Important Questions on RoHS Compliance Answered

Electronics and electrical product industry is one of the main causes of environmental pollution. Thus, these industries are governed by several regulations imposed by governments in various countries. RoHS is one such compliance, which impacts the electrical and electronic industries. What is the compliance? How does it control the electronic industry? This post aims to answer everything you would like to know about these PCBs.

ROHS Compliance

RoHS Guide: Questions on RoHS Answered

What is a RoHS Directive?

RoHS is an abbreviation for Restriction of Hazardous Substances. It is also known as Directive 2002/95/EC. This directive restricts the use of specific hazardous materials, which are used in electronic, as well as electrical products. RoHS directive originated in European Union. All electronics products in European market, since 2006 are required to meet this compliance.

Who Should Comply with RoHS Compliance?

Any business that deals with selling of electronic and electrical products, equipment, components, sub-assembly, and spare parts to RoHS countries should comply with this directive. Also, it is ideal for any business that sells to distributors, resellers, and integrators selling their electronics products to RoHS countries.

What is the Importance of RoHS Compliance?

The materials restricted under this compliance are found to have hazardous effects on the environment. They pollute landfills, and are known to adversely affect human health, if exposed to them for a long time.

What are the Substances Restricted under RoHS?

The following are the substances restricted under RoHS along with their specified maximum levels, if used:

  • Lead (Pb): < 1000 ppm
  • Cadmium (Cd): < 100 ppm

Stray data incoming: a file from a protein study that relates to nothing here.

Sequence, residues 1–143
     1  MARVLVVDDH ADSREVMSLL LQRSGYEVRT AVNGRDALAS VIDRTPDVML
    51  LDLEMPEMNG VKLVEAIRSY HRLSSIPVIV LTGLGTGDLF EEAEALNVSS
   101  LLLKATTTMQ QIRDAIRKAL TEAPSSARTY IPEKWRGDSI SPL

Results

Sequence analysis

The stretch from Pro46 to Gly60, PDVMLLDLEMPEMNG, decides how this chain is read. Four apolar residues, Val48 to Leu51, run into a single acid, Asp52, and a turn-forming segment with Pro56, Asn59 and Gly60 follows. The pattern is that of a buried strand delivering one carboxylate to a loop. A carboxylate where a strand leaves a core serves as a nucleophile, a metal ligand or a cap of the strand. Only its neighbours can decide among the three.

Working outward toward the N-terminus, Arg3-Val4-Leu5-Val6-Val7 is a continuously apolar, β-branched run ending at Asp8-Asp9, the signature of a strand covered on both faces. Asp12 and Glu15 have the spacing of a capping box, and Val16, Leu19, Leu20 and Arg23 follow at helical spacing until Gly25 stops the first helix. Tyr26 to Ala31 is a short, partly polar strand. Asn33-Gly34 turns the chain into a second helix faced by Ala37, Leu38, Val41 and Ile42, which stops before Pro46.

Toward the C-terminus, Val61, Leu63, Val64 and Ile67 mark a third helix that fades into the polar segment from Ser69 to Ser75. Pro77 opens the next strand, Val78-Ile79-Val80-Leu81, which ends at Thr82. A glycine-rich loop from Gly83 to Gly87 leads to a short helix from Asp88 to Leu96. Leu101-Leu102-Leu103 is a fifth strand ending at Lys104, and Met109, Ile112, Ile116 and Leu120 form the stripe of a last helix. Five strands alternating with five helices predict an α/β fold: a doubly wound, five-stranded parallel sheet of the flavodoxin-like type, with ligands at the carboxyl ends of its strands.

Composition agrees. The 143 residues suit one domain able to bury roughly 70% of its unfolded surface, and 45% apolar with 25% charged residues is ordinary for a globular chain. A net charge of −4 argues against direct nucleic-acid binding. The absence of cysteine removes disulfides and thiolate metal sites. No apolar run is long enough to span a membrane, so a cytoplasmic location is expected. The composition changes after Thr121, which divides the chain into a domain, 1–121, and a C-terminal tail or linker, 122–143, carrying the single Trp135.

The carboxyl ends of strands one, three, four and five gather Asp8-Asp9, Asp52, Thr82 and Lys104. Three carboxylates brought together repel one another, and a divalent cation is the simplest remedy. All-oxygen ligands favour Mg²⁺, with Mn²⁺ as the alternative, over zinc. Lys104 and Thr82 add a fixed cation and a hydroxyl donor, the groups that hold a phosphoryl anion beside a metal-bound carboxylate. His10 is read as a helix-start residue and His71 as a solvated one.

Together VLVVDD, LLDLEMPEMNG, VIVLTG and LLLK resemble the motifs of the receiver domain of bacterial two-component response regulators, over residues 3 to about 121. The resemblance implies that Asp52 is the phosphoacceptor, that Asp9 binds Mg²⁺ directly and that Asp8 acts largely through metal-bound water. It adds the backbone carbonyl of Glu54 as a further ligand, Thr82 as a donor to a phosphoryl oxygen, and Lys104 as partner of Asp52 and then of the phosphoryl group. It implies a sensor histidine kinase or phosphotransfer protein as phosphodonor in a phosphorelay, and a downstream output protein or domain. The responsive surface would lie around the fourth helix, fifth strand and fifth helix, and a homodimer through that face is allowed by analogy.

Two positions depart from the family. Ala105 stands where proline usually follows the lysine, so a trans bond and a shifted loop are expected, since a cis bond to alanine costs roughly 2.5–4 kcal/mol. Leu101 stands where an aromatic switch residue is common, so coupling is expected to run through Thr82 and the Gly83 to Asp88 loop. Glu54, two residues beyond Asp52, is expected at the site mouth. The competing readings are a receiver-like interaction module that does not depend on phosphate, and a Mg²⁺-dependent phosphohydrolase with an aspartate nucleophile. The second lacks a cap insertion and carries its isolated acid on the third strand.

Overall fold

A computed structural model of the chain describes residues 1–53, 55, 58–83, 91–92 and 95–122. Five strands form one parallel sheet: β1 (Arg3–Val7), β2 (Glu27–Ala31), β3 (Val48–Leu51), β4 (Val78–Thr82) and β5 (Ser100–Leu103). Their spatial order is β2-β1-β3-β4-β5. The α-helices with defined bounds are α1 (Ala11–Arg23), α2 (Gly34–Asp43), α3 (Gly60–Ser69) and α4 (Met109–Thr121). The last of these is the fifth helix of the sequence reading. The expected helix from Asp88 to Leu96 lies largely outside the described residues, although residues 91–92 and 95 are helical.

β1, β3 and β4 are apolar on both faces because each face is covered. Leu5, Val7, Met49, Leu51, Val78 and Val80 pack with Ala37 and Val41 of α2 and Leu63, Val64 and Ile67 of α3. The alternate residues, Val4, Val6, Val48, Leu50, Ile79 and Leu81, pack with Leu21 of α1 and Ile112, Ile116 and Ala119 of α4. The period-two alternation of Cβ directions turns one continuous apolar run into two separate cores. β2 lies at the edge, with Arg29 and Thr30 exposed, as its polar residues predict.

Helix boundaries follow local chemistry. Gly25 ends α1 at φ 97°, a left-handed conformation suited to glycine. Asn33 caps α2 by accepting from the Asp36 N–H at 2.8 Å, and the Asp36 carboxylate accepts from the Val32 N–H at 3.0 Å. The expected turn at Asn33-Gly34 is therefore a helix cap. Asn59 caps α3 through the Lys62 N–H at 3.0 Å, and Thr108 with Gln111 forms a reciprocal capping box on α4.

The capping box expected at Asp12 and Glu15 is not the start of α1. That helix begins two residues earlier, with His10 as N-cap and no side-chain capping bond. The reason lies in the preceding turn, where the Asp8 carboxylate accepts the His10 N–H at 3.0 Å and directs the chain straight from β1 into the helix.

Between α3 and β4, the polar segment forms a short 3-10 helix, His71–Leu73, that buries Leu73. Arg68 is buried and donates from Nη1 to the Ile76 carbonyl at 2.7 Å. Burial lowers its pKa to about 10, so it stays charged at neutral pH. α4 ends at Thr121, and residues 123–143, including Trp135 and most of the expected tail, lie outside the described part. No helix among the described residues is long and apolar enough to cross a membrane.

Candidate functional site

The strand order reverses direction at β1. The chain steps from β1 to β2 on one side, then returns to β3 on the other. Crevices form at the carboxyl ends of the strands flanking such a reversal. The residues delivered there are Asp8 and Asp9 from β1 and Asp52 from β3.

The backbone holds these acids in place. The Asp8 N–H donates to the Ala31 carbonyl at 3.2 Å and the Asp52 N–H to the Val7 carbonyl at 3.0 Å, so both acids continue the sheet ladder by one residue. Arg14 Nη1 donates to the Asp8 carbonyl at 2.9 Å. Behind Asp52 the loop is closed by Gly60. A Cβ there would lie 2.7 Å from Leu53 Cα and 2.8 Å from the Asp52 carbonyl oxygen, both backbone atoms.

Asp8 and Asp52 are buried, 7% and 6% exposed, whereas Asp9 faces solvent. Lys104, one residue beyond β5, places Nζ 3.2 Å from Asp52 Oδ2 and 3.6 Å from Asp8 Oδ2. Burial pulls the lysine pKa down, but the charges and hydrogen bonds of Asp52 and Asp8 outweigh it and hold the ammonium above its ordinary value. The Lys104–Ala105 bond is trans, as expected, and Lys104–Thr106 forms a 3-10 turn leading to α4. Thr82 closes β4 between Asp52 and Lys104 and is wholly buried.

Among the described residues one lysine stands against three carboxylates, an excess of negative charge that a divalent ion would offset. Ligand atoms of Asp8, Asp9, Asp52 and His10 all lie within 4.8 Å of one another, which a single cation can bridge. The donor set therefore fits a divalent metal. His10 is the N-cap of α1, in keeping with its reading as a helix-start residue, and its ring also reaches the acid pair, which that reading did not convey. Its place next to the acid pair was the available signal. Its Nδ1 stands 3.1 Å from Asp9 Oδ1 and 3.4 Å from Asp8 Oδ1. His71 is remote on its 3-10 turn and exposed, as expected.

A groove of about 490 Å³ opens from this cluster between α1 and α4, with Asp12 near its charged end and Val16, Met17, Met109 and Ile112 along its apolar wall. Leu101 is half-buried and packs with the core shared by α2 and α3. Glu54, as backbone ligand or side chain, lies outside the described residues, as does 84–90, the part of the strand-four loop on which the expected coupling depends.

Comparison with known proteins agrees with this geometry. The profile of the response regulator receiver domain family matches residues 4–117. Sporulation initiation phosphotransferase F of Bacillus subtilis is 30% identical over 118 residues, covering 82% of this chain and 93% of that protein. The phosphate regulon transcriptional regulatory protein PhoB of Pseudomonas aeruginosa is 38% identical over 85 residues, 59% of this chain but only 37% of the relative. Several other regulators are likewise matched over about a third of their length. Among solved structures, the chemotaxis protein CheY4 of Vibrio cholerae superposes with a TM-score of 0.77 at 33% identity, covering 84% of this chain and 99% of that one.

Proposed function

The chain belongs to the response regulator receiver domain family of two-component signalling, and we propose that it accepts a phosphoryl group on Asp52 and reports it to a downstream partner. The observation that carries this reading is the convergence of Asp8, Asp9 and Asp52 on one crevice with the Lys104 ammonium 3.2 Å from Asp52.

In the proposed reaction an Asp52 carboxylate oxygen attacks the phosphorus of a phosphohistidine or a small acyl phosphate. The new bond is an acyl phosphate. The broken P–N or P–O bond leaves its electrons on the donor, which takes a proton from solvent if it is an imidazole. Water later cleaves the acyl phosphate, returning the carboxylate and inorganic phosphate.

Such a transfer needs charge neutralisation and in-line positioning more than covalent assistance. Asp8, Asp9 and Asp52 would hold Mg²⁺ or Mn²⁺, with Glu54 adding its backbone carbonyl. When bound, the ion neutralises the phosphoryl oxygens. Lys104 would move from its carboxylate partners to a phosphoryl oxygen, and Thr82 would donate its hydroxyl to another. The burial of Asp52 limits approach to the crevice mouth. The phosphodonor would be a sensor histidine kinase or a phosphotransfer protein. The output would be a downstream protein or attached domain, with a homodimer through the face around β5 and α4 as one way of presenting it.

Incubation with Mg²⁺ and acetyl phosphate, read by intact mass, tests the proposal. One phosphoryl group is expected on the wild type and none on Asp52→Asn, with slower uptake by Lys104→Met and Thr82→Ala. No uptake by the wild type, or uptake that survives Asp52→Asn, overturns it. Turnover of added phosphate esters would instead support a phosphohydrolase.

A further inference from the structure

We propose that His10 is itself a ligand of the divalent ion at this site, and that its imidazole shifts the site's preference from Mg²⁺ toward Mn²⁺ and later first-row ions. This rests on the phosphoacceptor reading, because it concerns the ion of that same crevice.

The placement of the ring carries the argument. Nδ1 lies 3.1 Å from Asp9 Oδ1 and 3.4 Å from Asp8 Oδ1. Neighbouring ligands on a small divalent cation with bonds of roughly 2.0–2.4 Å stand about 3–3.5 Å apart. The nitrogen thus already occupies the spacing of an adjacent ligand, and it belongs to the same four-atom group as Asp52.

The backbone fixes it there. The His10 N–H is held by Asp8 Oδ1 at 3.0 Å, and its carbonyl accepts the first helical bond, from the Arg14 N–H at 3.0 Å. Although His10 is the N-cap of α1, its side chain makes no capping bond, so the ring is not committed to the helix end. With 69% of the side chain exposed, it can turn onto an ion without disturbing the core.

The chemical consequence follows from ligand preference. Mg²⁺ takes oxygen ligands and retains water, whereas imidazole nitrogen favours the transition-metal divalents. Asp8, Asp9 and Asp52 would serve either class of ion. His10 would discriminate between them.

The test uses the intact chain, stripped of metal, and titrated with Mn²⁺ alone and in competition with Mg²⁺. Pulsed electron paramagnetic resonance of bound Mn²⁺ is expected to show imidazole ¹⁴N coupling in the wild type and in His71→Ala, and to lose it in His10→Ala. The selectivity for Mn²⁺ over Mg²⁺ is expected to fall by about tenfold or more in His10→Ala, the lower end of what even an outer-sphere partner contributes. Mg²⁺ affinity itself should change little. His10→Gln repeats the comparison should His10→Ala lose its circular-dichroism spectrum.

• Mercury (Hg): < 100 ppm
  • Hexavalent Chromium (Cr VI): < 1000 ppm
  • Polybrominated Diphenyl Ethers (PBDE): < 1000 ppm
  • Polybrominated Biphenyls (PBB): < 1000 ppm
  • Bis(2-Ethylhexyl) phthalate (DEHP): < 1000 ppm
  • Benzyl butyl phthalate (BBP): < 1000 ppm
  • Dibutyl phthalate (DBP): < 1000 ppm
  • Diisobutyl phthalate (DIBP): < 1000 ppm

How does RoHS compliance affect PCBs?

Earlier, most electronic manufacturers used lead soldering to join various components. Also, the soldering was used as a surface finish to prevent copper from corrosion. Generally, the solder was heated before the process. Various studies suggest that workers exposed to these fumes developed severe health issues like asthma, skin defects, etc. Thus, RoHS prohibits the use of tin or lead in the soldering, and promotes the use of lead-free soldering.

Lead-free soldering has a specific requirement – it is only applicable to materials with a high Td (decomposition temperature).

What are the popular lead-free surface finishes used by PCB manufacturers?

The following are some common types of lead-free surface finishes offered by many PCB manufacturers:

  • Lead-free Solder ( HASL)
  • Electroless Nickel Immersion Gold ( ENIG)
  • Lead-free Immersion White Tin
  • Immersion Silver
  • Soft Bondable Gold
  • OSP ( Organic Solderability Preservatives)
  • Immersion Tin

In the next installment of the post, we will discuss another set of questions on the RoHS compliance.

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